It’s my typical practice whenever we have a trip down to Guatemala, to brush up a little on my Spanish. About a week before the trip, I open up Duolingo (a language learning app) and start cramming. Want to guess how effective that is? I’ll give you a hint – nada. I can’t expect to fluently communicate in a language that I barely learned over 30 years ago and never speak or rarely even think about. It takes focus, intention and lots and lots of repetitive practice.
Similarly, the Bible is our language for life. It is our resource for understanding God’s character and involvement with His creation. It’s how we understand that we are lost without Him, and provides the roadmap to redemption through Him. We find our value, place and purpose through the scriptures as well. Knowing God’s word helps shape our perspective and guard our hearts. When Jesus faced temptation from Satan in the wilderness, he responded with scripture that he had memorized.
It’s so important to read God’s word on a regular basis. It provides a foundation and a filter for our decisions. Reading is important, but it’s also important to let scripture permeate into our core through meditation and memorization.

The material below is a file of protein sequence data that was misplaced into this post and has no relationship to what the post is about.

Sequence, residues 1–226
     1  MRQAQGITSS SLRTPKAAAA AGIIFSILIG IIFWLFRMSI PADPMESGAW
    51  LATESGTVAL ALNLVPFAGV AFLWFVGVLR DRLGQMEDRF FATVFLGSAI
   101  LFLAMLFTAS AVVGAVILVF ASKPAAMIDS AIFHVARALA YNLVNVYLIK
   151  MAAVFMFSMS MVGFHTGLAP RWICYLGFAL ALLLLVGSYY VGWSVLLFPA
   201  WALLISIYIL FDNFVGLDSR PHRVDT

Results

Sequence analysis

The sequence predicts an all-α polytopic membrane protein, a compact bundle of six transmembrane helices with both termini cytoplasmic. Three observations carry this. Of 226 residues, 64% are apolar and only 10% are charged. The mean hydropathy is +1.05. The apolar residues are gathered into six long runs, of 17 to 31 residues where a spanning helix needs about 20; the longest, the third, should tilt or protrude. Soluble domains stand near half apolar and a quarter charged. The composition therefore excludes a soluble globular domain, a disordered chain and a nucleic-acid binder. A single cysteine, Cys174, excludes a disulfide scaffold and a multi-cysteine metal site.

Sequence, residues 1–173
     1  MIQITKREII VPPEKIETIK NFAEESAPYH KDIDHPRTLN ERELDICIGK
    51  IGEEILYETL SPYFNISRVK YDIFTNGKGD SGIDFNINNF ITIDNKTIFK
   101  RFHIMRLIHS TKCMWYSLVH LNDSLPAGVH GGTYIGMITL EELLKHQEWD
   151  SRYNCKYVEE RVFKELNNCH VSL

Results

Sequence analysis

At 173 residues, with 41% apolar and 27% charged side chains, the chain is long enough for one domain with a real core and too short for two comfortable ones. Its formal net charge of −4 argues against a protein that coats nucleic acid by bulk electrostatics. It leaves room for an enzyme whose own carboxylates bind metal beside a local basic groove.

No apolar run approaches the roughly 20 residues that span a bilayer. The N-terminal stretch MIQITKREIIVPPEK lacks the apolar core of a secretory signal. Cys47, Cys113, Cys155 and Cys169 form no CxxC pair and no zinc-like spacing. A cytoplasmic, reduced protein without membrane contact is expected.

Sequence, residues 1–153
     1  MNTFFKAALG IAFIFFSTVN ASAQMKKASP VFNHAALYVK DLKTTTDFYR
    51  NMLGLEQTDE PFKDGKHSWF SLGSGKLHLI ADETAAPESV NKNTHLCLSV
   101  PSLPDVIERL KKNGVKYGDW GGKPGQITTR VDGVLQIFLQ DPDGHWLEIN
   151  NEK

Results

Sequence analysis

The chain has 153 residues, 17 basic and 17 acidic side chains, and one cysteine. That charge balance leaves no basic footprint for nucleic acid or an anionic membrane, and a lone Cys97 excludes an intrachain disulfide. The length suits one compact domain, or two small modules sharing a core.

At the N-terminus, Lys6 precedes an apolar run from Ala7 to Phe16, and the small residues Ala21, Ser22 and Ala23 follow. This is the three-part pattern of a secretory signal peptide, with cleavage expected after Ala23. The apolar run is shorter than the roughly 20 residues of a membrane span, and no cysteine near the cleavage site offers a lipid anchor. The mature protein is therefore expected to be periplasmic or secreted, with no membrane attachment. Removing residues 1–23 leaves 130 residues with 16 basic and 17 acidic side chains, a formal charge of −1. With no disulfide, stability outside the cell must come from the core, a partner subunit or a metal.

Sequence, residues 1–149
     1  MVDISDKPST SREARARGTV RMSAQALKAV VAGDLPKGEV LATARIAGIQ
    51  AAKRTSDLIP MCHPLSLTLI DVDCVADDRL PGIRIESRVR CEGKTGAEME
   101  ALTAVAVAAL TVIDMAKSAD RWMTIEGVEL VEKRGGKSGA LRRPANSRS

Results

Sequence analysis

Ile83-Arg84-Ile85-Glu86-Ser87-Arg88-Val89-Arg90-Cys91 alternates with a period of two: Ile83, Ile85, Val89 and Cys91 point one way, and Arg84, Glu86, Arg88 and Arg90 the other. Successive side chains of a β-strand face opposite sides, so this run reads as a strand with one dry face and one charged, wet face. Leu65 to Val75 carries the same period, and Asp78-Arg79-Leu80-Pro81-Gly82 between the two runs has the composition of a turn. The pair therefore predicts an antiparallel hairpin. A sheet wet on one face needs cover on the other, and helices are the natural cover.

Consider the following verses:
“I have stored up your word in my heart, that I might not sin against you.” Psalm 119:11
“This Book of the Law shall not depart from your mouth, but you shall meditate on it day and night, so that you may be careful to do according to all that is written in it. For then you will make your way prosperous, and then you will have good success.” Joshua 1:8
“All Scripture is breathed out by God and profitable for teaching, for reproof, for correction, and for training in righteousness, that the man of God may be complete, equipped for every good work.” 2 Timothy 3:16-17
Through church and school growing up, I was expected to memorize large amounts of scripture. I wasn’t a huge fan at the time, but looking back I see how scripture memory helped shape my faith, my morality and my perspective in life.
As you read the verses through the week, think about taking one or two that really speak to you and set about memorizing them for the week. Make a list of the verses that you are committing to memory and go over them frequently. Choose verses that encourage you, remind you of who you are in Christ, or what we’re called to do. If you have a problem with fear, memorize verses that speak to that. If you have a problem with anger, or laziness, or lust – there are passages that can help you and will be at your beck and call when you need them. You might have a friend or two join you in memorizing some agreed upon verses. I used to memorize verses with my son and we would go over them on Friday mornings at Waffle House.
I’ve included a list of suggested verses for memory – you can change them to whatever translation you prefer. These are in ESV, I memorized the bulk of them in the NIV (1984). I’ve also provided the link to a great app that I use with my phone. The app allows you to create lists of verses by topic and share them with a group of friends. It also has a fun way of helping you memorize. There’s even a kid version of the app!